Considered Great Britain’s wildest and least inhabited corner, Gruinard Island is located in Gruinard Bay about halfway between Gairloch and Ullapool. The small, oval-shaped island became dangerous after experiments with the anthrax bacterium were carried out on it by the British government. It was a site for biological warfare testing during World War II, which led to the deadly pollution of the island. Many sheep were infected with anthrax and later died, which demanded that the government quarantine the island. Even though Gruinard Island was decontaminated in the 1980s, it has still been uninhabited and anthrax spores are still present in the soil.
North Sentinel Island, India
One of the Andaman Islands, the North Sentinel Island is located in the Bay of Bengal, India.
North Sentinel Island is home to the Sentinelese, a group of indigenous people unreceptive towards anyone from the outside world for the last 60,000 years. This island is so dangerous that even the government of India has made it illegal for its people to go within three miles of it. The Sentinelese aggressively attack visitors with deadly spears and arrows. In fact, two fishermen who wandered into the North Sentinel island were killed by archers in 2006. Why exactly the Sentinelese aggressively reject contact with visitors who attempt to set foot on the island remains confusing. But the fact remains: they want to be left alone.
Miyake-Jima Island, Japan
Miyake-Jima is a volcanic island in the Philippine Sea, southeast of Tokyo, Japan. Its natural habitats are constantly under threat from volcanic emissions. The highest elevation on the island, Mount Oyama, is an active volcano that has erupted multiple times throughout history. The most recent volcanic eruptions lasted for four years, leading to a constant flow of toxic sulfur vapors on the island.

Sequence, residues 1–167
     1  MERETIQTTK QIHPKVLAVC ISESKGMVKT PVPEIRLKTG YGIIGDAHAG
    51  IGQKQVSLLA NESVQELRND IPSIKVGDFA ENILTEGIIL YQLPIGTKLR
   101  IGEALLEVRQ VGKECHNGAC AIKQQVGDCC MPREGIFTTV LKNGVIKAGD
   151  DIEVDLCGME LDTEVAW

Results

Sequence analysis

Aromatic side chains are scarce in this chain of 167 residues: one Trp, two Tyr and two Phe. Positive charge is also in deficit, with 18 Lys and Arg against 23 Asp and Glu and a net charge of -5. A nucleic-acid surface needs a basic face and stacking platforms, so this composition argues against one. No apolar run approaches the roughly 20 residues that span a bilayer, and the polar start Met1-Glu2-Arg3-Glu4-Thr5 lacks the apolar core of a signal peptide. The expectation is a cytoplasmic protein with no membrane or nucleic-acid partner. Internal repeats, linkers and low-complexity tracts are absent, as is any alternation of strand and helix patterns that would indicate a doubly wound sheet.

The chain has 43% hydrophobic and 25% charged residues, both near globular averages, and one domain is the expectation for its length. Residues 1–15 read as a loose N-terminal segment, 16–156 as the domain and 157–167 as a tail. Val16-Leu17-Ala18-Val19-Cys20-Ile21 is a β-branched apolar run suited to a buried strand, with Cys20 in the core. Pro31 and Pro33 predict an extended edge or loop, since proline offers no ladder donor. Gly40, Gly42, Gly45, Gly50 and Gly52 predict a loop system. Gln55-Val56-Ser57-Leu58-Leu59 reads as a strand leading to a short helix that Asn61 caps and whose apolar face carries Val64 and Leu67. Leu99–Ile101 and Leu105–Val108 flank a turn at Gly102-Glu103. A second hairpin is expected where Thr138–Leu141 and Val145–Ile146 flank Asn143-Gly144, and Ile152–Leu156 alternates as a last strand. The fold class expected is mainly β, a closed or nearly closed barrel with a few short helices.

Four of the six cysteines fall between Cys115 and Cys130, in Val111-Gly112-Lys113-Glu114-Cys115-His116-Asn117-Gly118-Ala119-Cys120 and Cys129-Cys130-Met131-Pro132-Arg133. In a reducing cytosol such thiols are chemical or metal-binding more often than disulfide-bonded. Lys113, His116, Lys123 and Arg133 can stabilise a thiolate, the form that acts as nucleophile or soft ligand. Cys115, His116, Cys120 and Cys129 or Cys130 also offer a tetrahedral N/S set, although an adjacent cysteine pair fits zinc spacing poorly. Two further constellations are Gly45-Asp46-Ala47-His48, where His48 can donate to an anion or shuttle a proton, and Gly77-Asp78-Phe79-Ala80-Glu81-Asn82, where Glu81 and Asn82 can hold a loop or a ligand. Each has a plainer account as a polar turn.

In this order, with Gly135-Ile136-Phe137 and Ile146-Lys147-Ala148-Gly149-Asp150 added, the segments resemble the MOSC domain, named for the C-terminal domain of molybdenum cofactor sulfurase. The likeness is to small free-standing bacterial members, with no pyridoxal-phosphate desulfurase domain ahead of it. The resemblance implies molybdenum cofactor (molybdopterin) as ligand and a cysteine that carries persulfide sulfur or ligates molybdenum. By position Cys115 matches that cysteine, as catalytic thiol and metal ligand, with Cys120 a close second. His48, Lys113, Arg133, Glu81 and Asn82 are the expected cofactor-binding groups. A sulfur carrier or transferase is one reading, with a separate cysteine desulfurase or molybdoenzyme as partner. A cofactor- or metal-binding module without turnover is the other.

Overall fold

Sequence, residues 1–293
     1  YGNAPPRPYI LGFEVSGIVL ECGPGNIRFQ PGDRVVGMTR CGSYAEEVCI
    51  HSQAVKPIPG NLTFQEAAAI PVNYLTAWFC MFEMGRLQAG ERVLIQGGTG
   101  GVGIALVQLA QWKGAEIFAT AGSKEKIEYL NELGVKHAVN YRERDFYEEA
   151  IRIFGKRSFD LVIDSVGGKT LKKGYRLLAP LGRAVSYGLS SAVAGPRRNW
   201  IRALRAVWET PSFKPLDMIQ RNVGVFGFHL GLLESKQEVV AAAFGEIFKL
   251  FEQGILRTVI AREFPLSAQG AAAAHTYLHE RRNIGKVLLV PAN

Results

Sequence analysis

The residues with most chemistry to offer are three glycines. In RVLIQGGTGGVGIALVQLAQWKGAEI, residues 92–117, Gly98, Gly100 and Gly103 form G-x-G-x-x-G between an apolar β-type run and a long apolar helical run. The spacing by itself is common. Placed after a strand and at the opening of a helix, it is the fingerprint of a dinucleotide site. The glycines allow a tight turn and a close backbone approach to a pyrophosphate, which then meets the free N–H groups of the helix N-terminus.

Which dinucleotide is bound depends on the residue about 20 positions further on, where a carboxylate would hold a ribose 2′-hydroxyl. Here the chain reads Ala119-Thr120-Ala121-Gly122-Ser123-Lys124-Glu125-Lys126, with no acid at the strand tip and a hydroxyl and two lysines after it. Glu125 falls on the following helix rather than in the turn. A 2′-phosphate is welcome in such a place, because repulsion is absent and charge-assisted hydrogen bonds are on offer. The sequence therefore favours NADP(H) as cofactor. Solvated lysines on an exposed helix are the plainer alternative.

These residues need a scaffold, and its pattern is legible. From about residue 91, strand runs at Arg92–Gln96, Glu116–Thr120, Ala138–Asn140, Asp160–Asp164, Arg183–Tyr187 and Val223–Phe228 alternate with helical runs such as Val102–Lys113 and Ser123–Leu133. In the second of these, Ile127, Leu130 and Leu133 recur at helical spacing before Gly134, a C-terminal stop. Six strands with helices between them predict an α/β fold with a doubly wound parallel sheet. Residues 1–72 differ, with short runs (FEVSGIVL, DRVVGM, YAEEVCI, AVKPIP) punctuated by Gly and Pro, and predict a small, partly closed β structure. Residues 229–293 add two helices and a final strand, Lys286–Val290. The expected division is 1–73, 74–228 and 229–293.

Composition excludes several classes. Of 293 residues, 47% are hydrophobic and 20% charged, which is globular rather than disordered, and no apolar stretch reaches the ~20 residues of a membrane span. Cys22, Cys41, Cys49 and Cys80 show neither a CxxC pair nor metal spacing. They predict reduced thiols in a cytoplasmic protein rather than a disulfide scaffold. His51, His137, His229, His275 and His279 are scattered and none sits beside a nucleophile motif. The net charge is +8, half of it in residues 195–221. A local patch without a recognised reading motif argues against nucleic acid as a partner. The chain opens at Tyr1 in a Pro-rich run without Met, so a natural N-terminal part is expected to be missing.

Alarms go off across the island whenever there’s a dangerous increase in the levels of poisonous sulfuric gas in the air. If you’re visiting this island, you will be required to carry a gas mask at all times. Because of the unpredictability of air quality becoming toxic, Miyake-Jima – ‘the gas mask island’ is a dangerous place to visit.
Farallon Islands, USA
Farallon Islands are a group of islands off the coast of San Francisco, United States. The Farallon Islands are home to the largest seabird colony and a variety of other wildlife including seal species, whales, and dozens of great sharks. It has one of the greatest concentrations of great white sharks in the world, earning itself the name “Devil’s Teeth Islands”. But long ago, seabirds and sharks weren’t the only inhabitants – humans used to live on the Farallon Islands. According to U.S Geological Survey, about 48,000 drums of low-level radioactive waste were dumped in the sea around the islands between 1946 and 1970. The Farallon became completely off-limits to the public and only accessible to a few conservation scientists. The exact current location of the waste containers and the potential hazard to the environment remains unclear.
Reunion Island, Indian Ocean
Located in the Indian Ocean east of Madagascar, the flora of Reunion has a great diversity of natural environments. This island is home to many bird species and rich marine biodiversity. However, the Island is dangerous for one reason: deadly sharks populate its shores. It is home to a variety of shark species such as whale sharks, blue sharks, bull sharks, tiger sharks, coral sharks, and many more. Shark attacks on Reunion Island have led to the killing of nine tourists between 2010 and 2017. For this reason, swimming and surfing are prohibited around the Island.
Ramree Island, Myanmar
Ramree Island in Myanmar is home to the largest population of saltwater crocodiles, the largest reptiles in the world. The deadliest crocodile attack in recorded history happened on Ramree Island towards the end of World War II. Hundreds of Japanese soldiers who survived the battle met their doom when they chose to escape through the marshes that surrounded the island, where they were unfortunately killed in the crocodile-infested waters. According to the Guinness Book of Records, this was the Greatest Disaster Suffered by humans from animals. Ramree Islands is not the typical vacation spot you’re used to seeing…it is an absolute nightmare!